There were other fine stories from our Austerlitz game.  Here, I’ve brought up my Russian guard heavy units to counter the advance of the French Old Guard.

I call it the Frog Killer.

I call it the Frog Killer.

This horrifying unit — the Russians get only one — has six blocks and fights with seven dice.  As in the battle, it charged straight into the teeth of the advancing French cavalry creating what amounted to a separate battle at the North end of the field.  The result was a bloody draw.

That did not go well.

That did not go well.

This is no longer a short game.  The epic scenarios were running in the four to six hour range, even once we had the system down.  And it truly is a game with sweep, particularly for the French who usually have more command cards than their opponents and can proffer some truly brutal advances.  Here’s only one example, again from Austerlitz.

This pretty much ended the Allies' day.

This pretty much ended the Allies’ day.

Each of the units marked with dice have an order and coordinating cards and units in such a way as to make an attack of this scope happen is rewarding and, well, epic.

Here at the end of a long wait, I can no longer imagine playing Commands and Colors: Napoleonics any other way than using Epic.

The game is very thoughtful about how it scales up the number of players.  Perfectly playable with two, there’s an interesting command friction element introduced at each of the levels between two and a prospective eight.  I very much look forward to seeing how my miniature-loving brothers play this game on a much larger tabletop.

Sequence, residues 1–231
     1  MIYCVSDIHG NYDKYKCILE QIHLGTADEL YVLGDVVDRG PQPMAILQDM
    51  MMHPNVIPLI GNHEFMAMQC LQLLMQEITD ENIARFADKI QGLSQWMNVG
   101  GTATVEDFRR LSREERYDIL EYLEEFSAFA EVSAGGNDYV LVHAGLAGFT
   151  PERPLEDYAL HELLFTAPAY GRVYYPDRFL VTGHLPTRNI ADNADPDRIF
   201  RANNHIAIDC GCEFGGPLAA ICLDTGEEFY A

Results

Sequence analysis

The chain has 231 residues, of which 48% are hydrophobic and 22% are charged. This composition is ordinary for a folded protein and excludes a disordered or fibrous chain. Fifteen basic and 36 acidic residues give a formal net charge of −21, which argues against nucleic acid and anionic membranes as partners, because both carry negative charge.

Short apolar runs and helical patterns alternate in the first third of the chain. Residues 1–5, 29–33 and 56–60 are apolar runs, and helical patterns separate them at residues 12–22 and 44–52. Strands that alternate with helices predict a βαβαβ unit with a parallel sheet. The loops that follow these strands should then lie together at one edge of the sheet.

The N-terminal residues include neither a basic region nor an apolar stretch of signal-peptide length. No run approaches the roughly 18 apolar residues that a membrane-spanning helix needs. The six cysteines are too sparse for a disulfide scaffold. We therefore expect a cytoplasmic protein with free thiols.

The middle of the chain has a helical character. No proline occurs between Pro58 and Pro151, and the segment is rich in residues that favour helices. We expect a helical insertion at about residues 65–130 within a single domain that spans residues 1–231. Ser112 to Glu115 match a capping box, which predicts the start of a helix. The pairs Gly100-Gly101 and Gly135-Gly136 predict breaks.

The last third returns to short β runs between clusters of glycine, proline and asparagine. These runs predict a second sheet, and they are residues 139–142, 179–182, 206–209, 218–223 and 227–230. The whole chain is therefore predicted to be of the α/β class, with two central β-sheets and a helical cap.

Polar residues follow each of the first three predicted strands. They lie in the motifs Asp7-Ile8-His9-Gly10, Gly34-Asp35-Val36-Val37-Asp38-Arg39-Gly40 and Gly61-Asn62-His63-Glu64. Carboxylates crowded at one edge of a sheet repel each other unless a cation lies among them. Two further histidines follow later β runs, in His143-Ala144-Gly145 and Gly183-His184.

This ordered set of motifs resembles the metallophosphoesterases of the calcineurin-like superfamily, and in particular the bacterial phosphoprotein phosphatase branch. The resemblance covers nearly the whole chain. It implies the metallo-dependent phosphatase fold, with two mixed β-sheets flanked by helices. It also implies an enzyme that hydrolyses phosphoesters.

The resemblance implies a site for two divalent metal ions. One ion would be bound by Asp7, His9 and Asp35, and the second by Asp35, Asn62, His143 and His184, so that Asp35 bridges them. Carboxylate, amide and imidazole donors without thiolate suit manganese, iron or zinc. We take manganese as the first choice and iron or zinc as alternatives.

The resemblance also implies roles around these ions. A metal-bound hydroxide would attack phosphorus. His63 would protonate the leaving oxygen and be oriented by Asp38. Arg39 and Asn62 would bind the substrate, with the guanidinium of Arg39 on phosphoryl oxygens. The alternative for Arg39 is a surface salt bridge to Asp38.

Here at the end of a long wait, I can no longer imagine playing Commands and Colors: Napoleonics any other way than using Epic.  I remain disappointed that no attempt was made to upgrade Napoleonics to the spectacle that is D-Day Landings for Memoir ’44, and, as a result “La Grande Battles”, about which I’ve said little, will likely remain a sideshow for me.  Its requirement that players own more than one set of particular expansions just to fill up a few extra lateral hexes is a flame not worth the candle.  Nothing will ever replace OSG’s brilliant offerings in my affections, but, because of Epic, Commands and Colors: Napoleonics will have a permanent place in my collection and on my game table.

Vive L’Empereur!


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2 Responses to Commands & Colors: Napoleonics – EPIC!

  1. Mike B says:

    What a brilliant post!

  2. Jim Owczarski says:

    You are kind to say so. Glad you enjoyed it!